Most snap pea varieties have strings in the pods, but these peel off easily. There are varieties that are resistant to powdery mildew disease. Several varieties of sugar snap peas are now available in Australia and they are either climbing, or dwarf types.
place the link on my website, or you can email me…

Both dwarf and field peas were part of the cargo of the First Fleet to Australia in 1788 and, on arrival at Sydney Cove, each convict and marine was given a weekly ration of three pints of ‘pease’.
By 1802 peas were growing in Port Jackson and Parramatta gardens.

Sowing Times

The best time to sow Peas, if you are living on the East Coast is from April until September from April until August in arid climates, from April and until July in sub-tropical districts and for cool zones, late winter until October.
On the Tablelands they should be sown after the last frosts.
Peas are best planted at soil temperatures between 8°C and 24°C.
Peas aren’t too fussy about the soil type, so just sow the seeds directly into the soil 15mm to 20mm deep (that’s about knuckle deep) and 75mm to 100mm apart (3'' to 4'').
Water in well and don't let them dry out.
I like to soak my Pea seeds over- night because this gets a better strike rate.
Some gardeners prefer to sow their seeds into tubs/punnets so they can keep a closer eye on them especially if there’s a possibility of a frost.
Once they have their second crop of leaves and no more frost, they can be transplanted out in the garden.

Companion Planting

If you like the idea of companion planting then don’t plant Peas  near Onions, Chives, Garlic.
TIP: Peas don’t like a lot of mulch or manure especially up against the stalk/stem, or being over-watered as they tend to rot off at the base of the stem,  and young plants will grow lanky and not produce a good crop of peas.
Wait until they have started flowering and then give them a good feed of liquid fertilizer at least once a fortnight.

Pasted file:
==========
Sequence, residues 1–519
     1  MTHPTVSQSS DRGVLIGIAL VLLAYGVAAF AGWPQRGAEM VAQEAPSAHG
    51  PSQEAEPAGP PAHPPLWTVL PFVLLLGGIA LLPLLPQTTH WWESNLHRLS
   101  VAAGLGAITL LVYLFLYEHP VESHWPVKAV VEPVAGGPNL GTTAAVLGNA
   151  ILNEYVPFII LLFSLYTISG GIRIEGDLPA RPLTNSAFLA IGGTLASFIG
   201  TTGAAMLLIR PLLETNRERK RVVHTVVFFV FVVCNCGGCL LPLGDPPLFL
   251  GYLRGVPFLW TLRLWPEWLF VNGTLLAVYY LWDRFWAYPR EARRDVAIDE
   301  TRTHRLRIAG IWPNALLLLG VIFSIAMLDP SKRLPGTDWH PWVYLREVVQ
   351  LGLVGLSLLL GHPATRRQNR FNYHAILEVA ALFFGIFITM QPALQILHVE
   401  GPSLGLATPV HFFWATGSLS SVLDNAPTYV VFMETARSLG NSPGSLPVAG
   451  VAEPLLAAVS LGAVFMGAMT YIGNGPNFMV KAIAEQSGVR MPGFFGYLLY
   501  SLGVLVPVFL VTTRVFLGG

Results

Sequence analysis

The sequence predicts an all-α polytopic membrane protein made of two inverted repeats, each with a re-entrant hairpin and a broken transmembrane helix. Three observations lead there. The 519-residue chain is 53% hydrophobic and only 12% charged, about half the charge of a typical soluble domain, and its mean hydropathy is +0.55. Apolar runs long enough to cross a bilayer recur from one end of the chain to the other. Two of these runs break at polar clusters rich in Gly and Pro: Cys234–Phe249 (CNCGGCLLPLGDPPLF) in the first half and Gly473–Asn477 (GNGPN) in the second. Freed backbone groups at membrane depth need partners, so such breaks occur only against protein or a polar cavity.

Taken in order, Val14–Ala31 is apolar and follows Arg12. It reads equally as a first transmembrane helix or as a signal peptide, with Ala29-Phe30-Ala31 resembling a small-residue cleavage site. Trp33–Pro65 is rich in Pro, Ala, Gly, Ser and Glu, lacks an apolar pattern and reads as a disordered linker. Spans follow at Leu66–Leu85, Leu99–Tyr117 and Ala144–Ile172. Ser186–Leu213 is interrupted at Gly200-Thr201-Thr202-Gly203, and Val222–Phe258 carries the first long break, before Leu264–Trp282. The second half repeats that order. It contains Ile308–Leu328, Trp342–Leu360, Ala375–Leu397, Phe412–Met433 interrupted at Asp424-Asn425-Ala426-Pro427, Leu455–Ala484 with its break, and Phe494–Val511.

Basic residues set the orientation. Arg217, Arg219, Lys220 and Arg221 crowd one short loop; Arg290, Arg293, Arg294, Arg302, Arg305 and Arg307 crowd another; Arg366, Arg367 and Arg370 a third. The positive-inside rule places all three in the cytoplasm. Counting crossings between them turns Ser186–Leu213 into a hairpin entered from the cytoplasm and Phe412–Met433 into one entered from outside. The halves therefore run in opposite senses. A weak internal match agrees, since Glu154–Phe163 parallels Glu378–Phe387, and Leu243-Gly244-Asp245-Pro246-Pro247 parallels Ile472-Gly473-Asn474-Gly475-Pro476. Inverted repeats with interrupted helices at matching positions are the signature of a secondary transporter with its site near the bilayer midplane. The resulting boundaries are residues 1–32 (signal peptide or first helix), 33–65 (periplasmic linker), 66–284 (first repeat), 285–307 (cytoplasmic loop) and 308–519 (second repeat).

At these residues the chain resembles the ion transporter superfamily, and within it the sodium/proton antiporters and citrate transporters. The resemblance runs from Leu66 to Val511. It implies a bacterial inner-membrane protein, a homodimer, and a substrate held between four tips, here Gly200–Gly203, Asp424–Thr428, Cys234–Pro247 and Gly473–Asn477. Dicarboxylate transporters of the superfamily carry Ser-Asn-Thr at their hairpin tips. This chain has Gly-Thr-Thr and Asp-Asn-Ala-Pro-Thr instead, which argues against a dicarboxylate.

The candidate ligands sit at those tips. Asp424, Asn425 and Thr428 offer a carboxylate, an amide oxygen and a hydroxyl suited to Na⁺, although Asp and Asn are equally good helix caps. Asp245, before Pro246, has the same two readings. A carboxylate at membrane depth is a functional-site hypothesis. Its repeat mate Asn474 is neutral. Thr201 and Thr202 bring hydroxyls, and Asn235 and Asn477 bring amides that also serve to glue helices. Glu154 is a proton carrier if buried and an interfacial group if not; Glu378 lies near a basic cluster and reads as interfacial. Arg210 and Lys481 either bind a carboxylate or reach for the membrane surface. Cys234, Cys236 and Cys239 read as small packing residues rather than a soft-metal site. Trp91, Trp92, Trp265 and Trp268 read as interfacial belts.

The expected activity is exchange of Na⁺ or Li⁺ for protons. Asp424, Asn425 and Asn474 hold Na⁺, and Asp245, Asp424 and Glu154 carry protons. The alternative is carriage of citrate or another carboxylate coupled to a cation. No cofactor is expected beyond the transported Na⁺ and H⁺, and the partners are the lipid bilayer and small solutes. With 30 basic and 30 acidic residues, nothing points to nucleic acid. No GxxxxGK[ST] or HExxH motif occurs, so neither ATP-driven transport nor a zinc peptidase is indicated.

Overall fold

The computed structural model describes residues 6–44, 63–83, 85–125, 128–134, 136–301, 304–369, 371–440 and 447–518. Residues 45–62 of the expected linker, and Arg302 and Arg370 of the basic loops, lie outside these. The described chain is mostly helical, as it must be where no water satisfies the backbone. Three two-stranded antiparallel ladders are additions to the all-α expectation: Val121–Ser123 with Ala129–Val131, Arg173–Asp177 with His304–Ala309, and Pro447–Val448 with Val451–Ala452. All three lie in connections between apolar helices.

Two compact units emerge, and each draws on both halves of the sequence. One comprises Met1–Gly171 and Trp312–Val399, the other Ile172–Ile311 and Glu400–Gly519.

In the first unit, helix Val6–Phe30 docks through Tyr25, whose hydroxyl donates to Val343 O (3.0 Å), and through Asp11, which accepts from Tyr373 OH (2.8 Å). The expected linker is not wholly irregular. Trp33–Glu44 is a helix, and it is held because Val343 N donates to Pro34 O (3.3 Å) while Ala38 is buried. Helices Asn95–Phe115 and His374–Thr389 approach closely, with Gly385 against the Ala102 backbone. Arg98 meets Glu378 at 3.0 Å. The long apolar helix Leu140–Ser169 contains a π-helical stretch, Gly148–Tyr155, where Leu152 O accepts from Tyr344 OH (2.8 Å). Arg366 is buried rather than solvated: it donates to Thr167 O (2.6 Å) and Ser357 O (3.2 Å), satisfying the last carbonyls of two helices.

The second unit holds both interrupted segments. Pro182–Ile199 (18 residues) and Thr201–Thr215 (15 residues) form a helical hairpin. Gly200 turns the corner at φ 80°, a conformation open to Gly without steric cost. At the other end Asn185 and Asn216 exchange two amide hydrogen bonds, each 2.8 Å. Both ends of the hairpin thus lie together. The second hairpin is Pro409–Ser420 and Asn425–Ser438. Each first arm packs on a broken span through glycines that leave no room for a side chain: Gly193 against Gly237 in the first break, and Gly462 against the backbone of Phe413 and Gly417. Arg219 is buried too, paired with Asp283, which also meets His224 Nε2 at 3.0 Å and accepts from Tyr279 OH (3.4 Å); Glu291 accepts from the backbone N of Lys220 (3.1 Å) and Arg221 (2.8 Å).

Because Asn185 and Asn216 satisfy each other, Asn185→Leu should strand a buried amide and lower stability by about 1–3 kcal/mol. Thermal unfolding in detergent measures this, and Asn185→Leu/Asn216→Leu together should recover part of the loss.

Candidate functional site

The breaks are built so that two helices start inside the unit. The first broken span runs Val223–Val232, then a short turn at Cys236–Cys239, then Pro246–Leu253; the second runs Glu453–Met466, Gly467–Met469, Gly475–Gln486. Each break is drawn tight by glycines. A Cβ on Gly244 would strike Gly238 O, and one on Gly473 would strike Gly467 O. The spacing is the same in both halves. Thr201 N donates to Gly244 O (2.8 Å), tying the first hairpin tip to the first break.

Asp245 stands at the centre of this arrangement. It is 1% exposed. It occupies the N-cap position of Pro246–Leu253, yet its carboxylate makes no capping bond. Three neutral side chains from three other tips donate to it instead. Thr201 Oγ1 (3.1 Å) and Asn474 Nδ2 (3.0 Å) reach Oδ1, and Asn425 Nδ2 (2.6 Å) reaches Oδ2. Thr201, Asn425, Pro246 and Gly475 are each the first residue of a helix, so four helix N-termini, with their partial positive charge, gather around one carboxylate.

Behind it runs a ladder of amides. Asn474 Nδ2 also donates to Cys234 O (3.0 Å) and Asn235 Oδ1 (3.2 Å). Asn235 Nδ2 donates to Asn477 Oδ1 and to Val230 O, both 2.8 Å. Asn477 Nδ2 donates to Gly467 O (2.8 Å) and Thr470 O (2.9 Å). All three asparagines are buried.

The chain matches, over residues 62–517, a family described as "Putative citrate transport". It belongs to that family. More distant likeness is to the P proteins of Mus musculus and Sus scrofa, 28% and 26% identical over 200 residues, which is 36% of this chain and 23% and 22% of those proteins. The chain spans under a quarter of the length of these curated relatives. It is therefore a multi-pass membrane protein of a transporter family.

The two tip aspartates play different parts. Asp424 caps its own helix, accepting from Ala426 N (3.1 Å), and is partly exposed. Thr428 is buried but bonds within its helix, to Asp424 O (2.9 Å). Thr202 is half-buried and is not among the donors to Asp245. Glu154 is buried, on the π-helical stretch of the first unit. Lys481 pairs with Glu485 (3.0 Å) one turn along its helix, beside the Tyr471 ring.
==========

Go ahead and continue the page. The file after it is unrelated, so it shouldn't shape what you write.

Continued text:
Did you know that if you use a liquid fertilizer you’ll get a better result in a shorter time? Something to try this season.

Water your Peas in the mornings to avoid mildew and try to avoid overhead water late in the afternoon.
If you do have mildew, try spraying with a solution of whole MILK mixed with a couple of drops of detergent.
With dwarf Peas you will have one main crop, with a second lighter crop and some pickings in between for the pot.
Did you know that if you freeze your peas straight after picking you don’t lose any more nutritional value than if you just cooked them?

Pest Problems

If you have problems with something that’s eating your pea seedlings, a good idea is to place a bottomless container around the young seedlings to stop cut worm, or in my case possum, from nibbling the edges off the new shoots; this will also give the new plants some protection from the wind.
Even though dwarf Peas only grow about 300mm to 600mm high they still need some support.
They can be supported by either wire/mesh, string/twine, bamboo or you could try 15mm round plastic pipe, around 1.5m long (3'6'') pushed into the ground, say 75mm (3'') either end to create a hoop, from one side of the plant to the other, (criss cross).
Climbing Peas grow well over 2m high and produce steadily over a longer period. Pick regularly to keep plants vigorous and encourage a bigger crop.
They will need a good heavy-trellis or stakes.
You could make a Pea tepee?
The position of the trellis should be facing towards the midday sun, (towards the North in Australia).
After the Peas have stopped producing the trellis can also be used for growing cucumbers, pumpkins or tomatoes.

TIP: Before you start ripping the pea vines off the trellis cut the stems off at ground level; leave the roots in the ground as pea roots produce nitrogen nodules. They will break down and give your next seedlings a good kick start.

Some varieties for you to try from

Pea Sugarsnap 'Sugar Ann'  Sugar Ann is a bush pea to 60 cm high. It has succulent edible pale-green pods, 7.6 cm long. It is the sweetest of the sugarsnaps and very productive.